In the name of employee wellness, and in response to insurance company demands, corporations are offering well-being initiatives with financial incentives. Complete this cholesterol screening, say, and you'll get $100 added to your paycheck; participate in some number of wellness programs, and you'll receive another bonus. In this quest to increase employee wellness, however, organizations are often unwittingly making things worse. Is it any surprise that initial studies on wellness programs are showing they don't lead to any visible results?
At best, these initiatives are nothing more than lip service or PR. But at worst, they actually cause more stress. Having to jump through hoops, do cholesterol blood tests, and fill out well-being questionnaires is just one way that these programs can add yet more to-dos to an already full schedule. As one employee shared with me, "I feel like my workplace wants me to take care of my wellness yet pressures me with such tight deadlines that I barely have time to eat lunch at my desk. I know it would be good for me to attend, but I also feel anxious when my manager and colleagues frown at me leaving my desk to go stretch. What's more, at the end of the day I feel guilty because I didn't take care of my well-being and attend the yoga class." Well-being becomes not a needed break from the pressures of work but just one more job requirement.
When you look at the data, employers seem to be missing the point. It is not by obligating employees to participate in these kinds of classes or screenings that well-being will improve, nor is it by providing material perks; a revealing study showed that employees actually prefer a happier workplace to a fatter paycheck anyway.
So what leads to employee happiness? A workplace characterized by humanity. An organizational culture characterized by forgiveness, kindness, trust, respect, and inspiration. Hundreds of studies conducted by pioneers of positive organizational psychology, including Jane Dutton and Kim Cameron at the University of Michigan and Adam Grant at Wharton, demonstrate that a culture characterized by a positive work culture leads to improved employee loyalty, engagement, performance, creativity, and productivity. Given that about three-quarters of the U.S. workforce is disengaged at work -- and the high cost of employee turnover -- it's about time organizations start paying attention to the data.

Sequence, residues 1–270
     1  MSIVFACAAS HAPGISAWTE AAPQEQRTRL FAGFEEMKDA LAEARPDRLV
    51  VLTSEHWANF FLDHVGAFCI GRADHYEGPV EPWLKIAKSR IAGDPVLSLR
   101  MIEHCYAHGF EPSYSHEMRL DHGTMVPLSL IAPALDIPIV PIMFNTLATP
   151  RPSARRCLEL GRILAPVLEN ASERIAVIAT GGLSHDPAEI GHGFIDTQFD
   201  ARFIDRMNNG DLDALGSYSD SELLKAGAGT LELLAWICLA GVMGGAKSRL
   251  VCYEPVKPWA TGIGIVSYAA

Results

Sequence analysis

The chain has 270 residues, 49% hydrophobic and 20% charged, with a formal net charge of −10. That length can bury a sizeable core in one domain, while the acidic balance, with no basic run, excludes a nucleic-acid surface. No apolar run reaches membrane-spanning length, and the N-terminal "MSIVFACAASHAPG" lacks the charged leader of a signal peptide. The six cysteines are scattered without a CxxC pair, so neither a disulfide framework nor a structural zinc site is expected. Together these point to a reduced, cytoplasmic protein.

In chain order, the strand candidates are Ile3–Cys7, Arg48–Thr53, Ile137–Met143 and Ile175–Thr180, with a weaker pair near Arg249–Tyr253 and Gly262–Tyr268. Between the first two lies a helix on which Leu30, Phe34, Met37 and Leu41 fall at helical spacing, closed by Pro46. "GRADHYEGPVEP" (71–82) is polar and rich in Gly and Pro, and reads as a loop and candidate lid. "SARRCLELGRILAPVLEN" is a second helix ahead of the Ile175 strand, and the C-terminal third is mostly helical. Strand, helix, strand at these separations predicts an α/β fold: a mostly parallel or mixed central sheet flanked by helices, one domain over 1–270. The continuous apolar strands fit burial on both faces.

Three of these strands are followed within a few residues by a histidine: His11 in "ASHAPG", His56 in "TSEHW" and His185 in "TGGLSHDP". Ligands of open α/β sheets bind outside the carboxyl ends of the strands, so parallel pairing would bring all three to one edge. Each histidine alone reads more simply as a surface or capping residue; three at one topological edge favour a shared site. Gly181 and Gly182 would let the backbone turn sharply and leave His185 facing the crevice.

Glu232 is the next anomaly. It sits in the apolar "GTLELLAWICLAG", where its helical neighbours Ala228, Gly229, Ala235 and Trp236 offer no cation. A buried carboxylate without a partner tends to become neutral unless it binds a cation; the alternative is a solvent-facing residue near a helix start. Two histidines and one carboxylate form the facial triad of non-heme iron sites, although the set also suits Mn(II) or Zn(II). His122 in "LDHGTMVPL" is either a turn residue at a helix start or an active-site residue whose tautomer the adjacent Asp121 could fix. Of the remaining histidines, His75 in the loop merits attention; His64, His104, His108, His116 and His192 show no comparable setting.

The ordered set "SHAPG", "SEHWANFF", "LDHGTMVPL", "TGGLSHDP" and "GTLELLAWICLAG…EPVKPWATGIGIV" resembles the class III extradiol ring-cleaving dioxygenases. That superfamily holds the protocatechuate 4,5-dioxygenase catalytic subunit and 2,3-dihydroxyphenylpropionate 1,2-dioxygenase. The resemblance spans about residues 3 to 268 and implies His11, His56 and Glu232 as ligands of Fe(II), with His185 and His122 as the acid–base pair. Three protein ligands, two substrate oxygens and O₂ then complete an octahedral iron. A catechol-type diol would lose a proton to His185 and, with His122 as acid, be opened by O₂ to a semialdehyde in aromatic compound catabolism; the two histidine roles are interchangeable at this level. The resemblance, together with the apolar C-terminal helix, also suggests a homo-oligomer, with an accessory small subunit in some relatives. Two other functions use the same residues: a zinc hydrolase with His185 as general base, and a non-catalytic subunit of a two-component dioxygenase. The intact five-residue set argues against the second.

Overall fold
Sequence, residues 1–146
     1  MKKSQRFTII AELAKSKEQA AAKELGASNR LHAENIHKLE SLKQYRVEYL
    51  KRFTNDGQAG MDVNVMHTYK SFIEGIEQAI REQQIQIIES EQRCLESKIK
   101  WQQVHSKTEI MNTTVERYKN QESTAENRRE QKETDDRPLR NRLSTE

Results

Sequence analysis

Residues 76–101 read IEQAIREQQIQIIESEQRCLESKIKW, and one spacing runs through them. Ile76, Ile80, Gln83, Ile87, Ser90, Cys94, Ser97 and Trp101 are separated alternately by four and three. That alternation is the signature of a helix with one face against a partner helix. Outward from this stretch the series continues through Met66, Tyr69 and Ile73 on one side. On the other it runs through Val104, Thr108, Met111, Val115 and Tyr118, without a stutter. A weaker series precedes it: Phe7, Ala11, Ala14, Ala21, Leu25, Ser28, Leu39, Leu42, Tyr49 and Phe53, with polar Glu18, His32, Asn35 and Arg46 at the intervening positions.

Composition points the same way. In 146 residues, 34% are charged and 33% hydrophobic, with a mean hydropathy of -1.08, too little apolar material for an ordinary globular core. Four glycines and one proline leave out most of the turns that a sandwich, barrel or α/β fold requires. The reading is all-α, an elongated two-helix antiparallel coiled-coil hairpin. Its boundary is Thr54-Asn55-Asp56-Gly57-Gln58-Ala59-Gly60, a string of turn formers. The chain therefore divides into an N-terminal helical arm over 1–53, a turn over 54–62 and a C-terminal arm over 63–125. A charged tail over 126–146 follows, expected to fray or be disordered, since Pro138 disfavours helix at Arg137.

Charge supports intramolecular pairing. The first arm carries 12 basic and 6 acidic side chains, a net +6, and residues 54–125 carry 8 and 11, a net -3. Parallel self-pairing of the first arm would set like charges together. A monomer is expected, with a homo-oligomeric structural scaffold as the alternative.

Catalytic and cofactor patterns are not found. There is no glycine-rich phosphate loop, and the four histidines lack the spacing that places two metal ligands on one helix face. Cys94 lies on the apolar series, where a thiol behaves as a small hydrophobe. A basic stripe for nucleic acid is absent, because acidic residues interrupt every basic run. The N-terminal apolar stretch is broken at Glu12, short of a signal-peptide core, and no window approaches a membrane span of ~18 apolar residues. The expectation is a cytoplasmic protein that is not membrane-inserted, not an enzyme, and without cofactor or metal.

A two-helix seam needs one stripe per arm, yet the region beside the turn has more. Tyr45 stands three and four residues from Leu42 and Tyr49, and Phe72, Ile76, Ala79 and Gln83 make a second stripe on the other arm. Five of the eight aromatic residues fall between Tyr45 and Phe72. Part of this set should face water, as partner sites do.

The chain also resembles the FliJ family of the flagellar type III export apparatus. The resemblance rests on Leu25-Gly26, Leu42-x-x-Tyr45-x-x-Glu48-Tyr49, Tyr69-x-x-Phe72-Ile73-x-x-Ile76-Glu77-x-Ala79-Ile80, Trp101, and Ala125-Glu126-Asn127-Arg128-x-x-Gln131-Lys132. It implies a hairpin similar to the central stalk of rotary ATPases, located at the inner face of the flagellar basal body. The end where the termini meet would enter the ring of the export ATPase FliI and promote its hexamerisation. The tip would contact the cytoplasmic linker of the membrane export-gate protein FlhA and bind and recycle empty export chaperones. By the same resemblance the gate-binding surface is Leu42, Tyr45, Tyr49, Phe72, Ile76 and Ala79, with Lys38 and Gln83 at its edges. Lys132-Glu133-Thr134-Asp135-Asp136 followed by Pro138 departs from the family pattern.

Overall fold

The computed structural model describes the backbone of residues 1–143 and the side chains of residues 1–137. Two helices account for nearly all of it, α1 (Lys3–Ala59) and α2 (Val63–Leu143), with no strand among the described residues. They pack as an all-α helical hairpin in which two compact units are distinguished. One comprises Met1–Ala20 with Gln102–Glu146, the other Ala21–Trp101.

Research suggests that the most powerful way leaders can improve employee well-being is not through programs and initiatives but through day-to-day actions. For example, data from a large study run by Anna Nyberg at the Karolinska Institute shows that having a harsh boss is linked to heart problems in employees. On the other side of the coin, research demonstrates that leaders who are inspiring, empathic, and supportive have more loyal and engaged employees. So checking in with employees about their families once in a while may help more than offering a mindfulness class at lunchtime.
Leaders set the tone for their organization, and their behavior determines whether interactions in their organization are characterized by trust, forgiveness, understanding, empathy, generosity, and respect. For example, one Fortune 500 corporation in the Bay Area has a system in place whereby the CEO is immediately informed if an employee comes down with a major illness or has experienced a personal tragedy. Within 15 minutes, no matter how busy he is, the CEO makes time to call that person and offer his support.
We have forgotten that organizations are first and foremost places of human interaction, not just transaction. Research shows that our greatest need after food and shelter is social connection -- positive social relationships with others. If we create work environments characterized by these kinds of positive and supportive interactions, we create organizations that thrive. Organizations with very low turnover. Organizations that inspire. And organizations that enjoy superior results for employees and employers alike.
This is not to say that leaders and managers should be too "soft," nor does this mean that an organization becomes a place that is too "nice." You can still lead powerfully, you can still exert authority, you can still influence, and you can still communicate frankly while remaining courteous, empathic, and understanding. Rather than adding more and more wellness initiatives and material perks, employers can actually do something much simpler -- not to mention cost-effective -- that will have much greater results. By creating a values-based culture characterized by humanity, they can create an organization with true workplace well-being.
This article originally appeared at Harvard Business Review on April 8th, 2016.
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